Literature in High School
What is Great Literature
If you ask ten people for a definition of great literature, you will probably get at least eight different answers. It's like taking a survey on the best ice cream flavor. Everyone has their personal opinions and very often can't tell you why. They know what they like and don't usually think about a definition or explanation for it.
According to Infoplease.com, the top ten novels in the 20th century are
- Ulysses, James Joyce (1922)
- The Great Gatsby, F. Scott Fitzgerald (1925)
- A Portrait of the Artist as a Young Man, James Joyce (1916)
- Lolita, Vladimir Nabokov (1958)
- Brave New World, Aldous Huxley (1932)
- The Sound and the Fury, William Faulkner (1929)
- Catch-22, Joseph Heller (1961)
- Darkness at Noon, Arthur Koestler (1941)
- Sons and Lovers, D. H. Lawrence (1913)
- The Grapes of Wrath, John Steinbeck (1939)
But who decided these were the best novels written in the 20th century? Was there a committee? Who was on it and by what criteria? These books have very little in common, so how were they chosen over others? If you go by these dates, no one has written anything worth reading in the last 50 years.
There have been some very good books written recently. There are authors who have experienced monumental success in the last 50 years. Yet, at some high schools, books on this list are still required reading.
How many of the Top Ten English novels have you read?
The Necessity of Required Reading
As a teacher, I understand the importance of requiring students to ready good literature. Students will tell you that they read all the time. Yes, but social media and texts are not scholastic reading. As educators, we must introduce our students to quality reading material.
Who defines quality reading material? What is the criteria? Is it the writing style? Maybe it's the symbolism. It could be the plot. What if we judged on grammar? Does it have to make a contribution to society to make the list? Does it have to be written by certain authors?
What Year Were These Books Best Sellers?view quiz statistics
I teach English online to foreign students. Many are preparing to attend school in the US. They have been accepted by private schools and know the curriculum. One student asked for assistance in the summer reading required by the school. I tried to obtain the books on the list. Some were unavailable online. If I couldn't get the book, I downloaded another book by the author so the student could see how he or she wrote.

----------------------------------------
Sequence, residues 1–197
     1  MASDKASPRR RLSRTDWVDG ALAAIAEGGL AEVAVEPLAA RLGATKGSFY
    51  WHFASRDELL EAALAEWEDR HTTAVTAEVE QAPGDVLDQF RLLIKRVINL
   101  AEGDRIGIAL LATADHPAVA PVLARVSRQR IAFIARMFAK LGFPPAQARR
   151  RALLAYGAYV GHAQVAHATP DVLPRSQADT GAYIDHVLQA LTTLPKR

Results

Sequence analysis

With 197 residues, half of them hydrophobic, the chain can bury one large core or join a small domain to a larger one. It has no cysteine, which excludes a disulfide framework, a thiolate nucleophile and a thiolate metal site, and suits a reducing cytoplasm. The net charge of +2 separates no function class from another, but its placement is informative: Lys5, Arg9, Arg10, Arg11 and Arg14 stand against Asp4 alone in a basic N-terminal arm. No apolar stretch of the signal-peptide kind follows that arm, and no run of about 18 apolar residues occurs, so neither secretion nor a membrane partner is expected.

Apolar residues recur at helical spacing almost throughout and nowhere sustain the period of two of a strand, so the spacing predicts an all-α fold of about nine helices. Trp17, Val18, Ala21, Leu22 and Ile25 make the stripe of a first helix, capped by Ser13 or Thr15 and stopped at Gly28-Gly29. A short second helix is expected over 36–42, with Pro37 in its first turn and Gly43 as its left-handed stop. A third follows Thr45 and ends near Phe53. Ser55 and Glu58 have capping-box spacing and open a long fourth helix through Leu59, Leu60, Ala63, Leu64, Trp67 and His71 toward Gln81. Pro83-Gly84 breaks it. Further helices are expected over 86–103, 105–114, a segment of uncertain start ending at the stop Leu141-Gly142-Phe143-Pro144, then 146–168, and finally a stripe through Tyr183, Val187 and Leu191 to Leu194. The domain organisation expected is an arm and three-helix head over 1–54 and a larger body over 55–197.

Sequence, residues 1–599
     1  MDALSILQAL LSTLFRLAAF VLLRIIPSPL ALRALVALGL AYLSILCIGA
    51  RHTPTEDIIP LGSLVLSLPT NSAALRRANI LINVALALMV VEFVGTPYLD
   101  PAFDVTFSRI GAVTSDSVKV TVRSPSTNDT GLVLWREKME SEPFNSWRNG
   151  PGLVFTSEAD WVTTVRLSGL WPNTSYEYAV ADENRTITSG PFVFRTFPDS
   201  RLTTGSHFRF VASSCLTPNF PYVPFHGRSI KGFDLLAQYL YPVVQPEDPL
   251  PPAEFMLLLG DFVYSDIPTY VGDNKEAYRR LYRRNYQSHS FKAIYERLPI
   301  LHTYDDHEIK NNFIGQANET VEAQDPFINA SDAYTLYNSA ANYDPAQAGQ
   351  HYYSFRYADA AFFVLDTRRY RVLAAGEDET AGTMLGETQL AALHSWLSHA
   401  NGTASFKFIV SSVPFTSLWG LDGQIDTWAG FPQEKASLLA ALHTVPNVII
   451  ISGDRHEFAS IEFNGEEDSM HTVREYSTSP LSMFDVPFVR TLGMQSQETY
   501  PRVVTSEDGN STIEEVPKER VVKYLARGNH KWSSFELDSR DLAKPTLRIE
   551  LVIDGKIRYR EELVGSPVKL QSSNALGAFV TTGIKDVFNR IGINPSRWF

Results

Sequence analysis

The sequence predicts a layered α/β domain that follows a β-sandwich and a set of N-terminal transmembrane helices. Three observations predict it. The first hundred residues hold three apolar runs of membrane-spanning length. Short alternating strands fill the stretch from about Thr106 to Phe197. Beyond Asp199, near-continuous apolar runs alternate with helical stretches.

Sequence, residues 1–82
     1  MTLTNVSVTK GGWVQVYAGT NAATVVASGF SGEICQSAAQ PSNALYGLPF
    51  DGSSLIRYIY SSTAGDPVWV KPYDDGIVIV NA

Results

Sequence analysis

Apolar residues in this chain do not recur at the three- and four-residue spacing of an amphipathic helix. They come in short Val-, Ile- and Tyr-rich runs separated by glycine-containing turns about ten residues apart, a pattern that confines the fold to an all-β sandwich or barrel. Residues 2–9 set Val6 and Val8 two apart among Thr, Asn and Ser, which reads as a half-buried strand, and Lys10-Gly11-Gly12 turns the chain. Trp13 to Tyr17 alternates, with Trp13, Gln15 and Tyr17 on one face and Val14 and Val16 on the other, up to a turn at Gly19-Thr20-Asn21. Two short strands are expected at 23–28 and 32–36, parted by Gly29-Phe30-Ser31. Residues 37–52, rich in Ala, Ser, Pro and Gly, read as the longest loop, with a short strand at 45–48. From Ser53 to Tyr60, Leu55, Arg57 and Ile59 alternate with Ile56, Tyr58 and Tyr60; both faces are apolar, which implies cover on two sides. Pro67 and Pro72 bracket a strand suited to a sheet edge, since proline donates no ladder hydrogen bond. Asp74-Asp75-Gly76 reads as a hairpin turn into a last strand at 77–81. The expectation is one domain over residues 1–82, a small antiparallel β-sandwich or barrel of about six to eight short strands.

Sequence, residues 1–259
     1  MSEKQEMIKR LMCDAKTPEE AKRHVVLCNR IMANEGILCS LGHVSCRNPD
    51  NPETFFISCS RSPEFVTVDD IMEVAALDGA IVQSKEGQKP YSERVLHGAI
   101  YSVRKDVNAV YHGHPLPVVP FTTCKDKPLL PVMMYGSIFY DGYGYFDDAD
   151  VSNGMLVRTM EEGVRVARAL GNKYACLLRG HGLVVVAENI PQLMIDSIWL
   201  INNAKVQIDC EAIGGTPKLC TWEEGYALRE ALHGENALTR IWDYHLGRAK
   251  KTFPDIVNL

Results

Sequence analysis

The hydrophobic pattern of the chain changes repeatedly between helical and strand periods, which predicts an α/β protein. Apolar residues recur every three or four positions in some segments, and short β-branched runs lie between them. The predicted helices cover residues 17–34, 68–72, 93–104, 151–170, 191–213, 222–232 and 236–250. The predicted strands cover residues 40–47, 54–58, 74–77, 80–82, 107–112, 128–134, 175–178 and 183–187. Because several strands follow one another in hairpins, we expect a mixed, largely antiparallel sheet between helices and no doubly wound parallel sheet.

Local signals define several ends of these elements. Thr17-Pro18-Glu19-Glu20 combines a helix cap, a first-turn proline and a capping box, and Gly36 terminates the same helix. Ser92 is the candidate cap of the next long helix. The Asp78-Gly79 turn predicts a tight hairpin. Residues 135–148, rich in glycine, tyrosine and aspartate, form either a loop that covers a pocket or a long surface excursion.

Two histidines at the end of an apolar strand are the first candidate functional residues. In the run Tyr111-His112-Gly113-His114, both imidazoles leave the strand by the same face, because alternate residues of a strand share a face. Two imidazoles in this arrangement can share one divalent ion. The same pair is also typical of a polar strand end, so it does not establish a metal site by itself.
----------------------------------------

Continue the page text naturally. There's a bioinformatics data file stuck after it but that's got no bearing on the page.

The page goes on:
I won't name the authors or the books, but I was appalled at what is being considered great literature. The grammar was completely unacceptable in any English class. There was way too much colloquial language. Teenagers have their own language, but in 25 years of education, I've never heard them speak like the authors wrote. The inappropriate language was completely over the top. I have no problem with this type of language if it adds to the plot. But when it is put in as space fillers, I get upset.
The student kept asking "What's the plot? I don't see the plot." Neither did i. The first story we read was written in the first person voice with about 50% of the sentences containing at least one inappropriate word. The story was nothing but complaints about society and authority. . The main character failed to see that he and his unwillingness to follow rules were the problems.
The second book was a collection of short stories. Each consisted of the conversation of two people. The conversation took place at a party and was basically small talk in an attempt to 'hook up."
The third book by a famous author who will visit the school this October, was about a group of football players sitting around the living in the summer discussing their 'conquests.' The main character had 'banged' 19 girls and was worried because he wasn't making headway with number 20.
The student asked to stop reading each of these books because he said, "There is no plot. It is just a bunch of people talking. I don't want to read this."
Which is Witch?view quiz statistics
We spend years teaching students appropriate grammar and then hand them a book that breaks every rule.
We teach them not to use foul language in public and then give a book from an author who can't write a sentence without at least one cuss word.
We teach them to respect women and then require them to read a novel about a guy using and disposing them like tissues.
They are disciplined for not obeying authority, but expected to read a book where the main character's rebellion is glorified.
They can read:
But not this:
What the f*** are you doing?
What are you doing?
That is a f***ing awesome b****.
That is a pretty girl.
Me and rules don't get along.
I don't like rules.
The Po-po be up in here.
The police are here
Personal View and Opinion
In each of the stories we read, I saw inappropriate grammar, non-intelligible dialogue, foul language, irresponsibility and disrespect for women. I am well aware that young people live with these circumstances daily. As educators and role-models, isn't it our job to set a standard and teach them that there are other options in life? We also have an obligation to prepare them for the next phase of their life. Would you hire someone who walked into your office and said, "Watsup? F***ing cool digs, dude?"
It is my personal opinion that we have lowered our standards for dress, language, grammar, and education. Yes, it is the right of the author to write whatever he or she wants. But it is my responsibility as an educator to make sure that my students are prepared for the business world or whatever they choose.
Are we living up to our responsibility?
These are my personal opinions. I'd love to hear yours. Please leave a comment and tell me what you think about the reading material in our high schools today.